Northern Ireland’s 650,000 homes have six months to go until Digital Switchover begins in the UK’s final switch-off of analogue TV.
Digital Switchover will start on October 10, 2012, across Northern Ireland, with analogue BBC Two going off-air and the BBC’s digital signals boosted to 10 times their current power.
The remaining analogue TV channels will be switched off two weeks later, on October 24, 2012, and the rest of the Freeview signals turned up to full power.
Freeview coverage will be boosted from 66 per cent to 98 per cent of households in Northern Ireland, and then full service will reach many more homes.
Viewers using the Divis, Brougher Mountain, and Limavady transmitters will get the full service of 30 channels, but but viewers who use one of the 43 local relay transmitters will only get 15 Freeview channels instead. Which Northern Ireland transmitter will you be using? (thanks to UKFree.tv)
Many viewers who choose a Freeview HD box will also be able to pick up the Irish channels TG4, RTE One and RTE Two, depending on coverage in their area.
Denis Wolinski, Digital UK regional manager for Northern Ireland, said: “We are starting the final countdown to a fully digital TV system for Northern Ireland.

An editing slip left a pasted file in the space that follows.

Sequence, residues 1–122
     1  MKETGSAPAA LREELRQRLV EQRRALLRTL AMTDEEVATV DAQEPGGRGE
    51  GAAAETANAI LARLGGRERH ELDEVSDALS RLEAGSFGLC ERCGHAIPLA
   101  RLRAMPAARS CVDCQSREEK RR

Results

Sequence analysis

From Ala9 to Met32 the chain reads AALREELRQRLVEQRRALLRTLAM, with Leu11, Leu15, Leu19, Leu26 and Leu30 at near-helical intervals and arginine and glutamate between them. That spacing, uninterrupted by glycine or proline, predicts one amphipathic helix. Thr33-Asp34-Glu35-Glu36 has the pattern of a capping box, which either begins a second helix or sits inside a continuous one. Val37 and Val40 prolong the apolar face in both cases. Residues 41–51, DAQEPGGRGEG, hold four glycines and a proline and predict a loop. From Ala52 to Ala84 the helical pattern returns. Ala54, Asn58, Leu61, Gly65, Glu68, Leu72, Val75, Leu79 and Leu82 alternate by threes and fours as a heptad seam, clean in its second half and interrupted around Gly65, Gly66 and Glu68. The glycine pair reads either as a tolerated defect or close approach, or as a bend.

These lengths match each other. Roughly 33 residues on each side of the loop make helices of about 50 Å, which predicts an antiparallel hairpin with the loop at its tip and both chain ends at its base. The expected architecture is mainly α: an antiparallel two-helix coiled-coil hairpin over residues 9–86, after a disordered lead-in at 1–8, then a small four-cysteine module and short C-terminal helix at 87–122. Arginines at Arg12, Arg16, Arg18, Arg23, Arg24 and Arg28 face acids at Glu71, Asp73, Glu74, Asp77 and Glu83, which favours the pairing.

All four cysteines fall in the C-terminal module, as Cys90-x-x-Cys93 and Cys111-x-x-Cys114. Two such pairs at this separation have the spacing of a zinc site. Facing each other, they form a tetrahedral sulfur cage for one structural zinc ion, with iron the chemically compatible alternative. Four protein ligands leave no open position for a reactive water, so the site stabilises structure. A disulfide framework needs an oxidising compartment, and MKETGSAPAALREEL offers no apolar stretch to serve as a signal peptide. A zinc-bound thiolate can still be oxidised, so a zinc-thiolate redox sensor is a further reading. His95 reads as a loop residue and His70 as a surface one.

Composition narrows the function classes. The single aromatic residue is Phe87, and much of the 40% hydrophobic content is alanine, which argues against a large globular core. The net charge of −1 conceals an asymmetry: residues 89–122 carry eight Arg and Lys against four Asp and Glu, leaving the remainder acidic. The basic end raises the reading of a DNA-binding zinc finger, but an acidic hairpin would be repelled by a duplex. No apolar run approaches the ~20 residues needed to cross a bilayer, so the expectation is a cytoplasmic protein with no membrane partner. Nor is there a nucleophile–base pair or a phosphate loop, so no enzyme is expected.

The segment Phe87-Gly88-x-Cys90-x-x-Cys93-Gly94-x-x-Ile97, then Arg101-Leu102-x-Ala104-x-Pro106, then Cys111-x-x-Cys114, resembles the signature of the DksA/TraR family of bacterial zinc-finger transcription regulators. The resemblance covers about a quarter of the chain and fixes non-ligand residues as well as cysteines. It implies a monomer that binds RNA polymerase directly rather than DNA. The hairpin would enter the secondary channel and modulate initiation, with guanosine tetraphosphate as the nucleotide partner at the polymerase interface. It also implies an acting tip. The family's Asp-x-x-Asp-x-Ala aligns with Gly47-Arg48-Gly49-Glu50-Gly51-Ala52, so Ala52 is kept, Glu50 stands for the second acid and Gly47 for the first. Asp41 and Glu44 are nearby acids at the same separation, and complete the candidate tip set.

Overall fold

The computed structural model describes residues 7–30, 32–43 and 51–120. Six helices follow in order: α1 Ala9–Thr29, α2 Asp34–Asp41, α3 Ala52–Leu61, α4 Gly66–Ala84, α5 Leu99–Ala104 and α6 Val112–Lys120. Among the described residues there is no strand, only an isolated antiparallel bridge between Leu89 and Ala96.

“The benefits will be felt by hundreds of thousands of viewers who will be able to receive free to air digital TV via an aerial for the first time.”
Northern Ireland is currently being mass-mailed to make sure everyone knows about the switchover, with the campaign launched by BBC and UTV presenters Donna Traynor and Marc Mallett – and a pink postman.
Northern Ireland will be the last part of the UK to go fully digital – engineers had to wait until Ireland had decided on its own digital TV plans.
Analogue and Freeview viewers will also see onscreen captions alerting them to the changes, there will be local roadshows, and the Digital Switchover Help Scheme is reaching out to elderly and vulnerable residents.
Nigel Tilson, Switchover Help Scheme manager for Northern Ireland, said: “The thought of losing TV channels may concern many older or disabled people. But there’s no need to worry because help is available.”
The help scheme covers people aged 75 or over, who have lived in a care home for six months or more, or get (or could get) certain disability benefits, or are registered blind or partially sighted.
Most eligible people will be asked to pay £40 towards the help, which includes easy-to-use equipment to convert one TV set, an approved installer to supply and install the necessary equipment, and a 12-month aftercare service including a free helpline.
The Digital Switchover Help Scheme can be reached on 0800 40 85 900, or at helpscheme.co.uk.
UPDATE 29/05/2012: RTE and TG4 will be carried alongside Freeview in Northern Ireland, and available through Freeview HD receivers.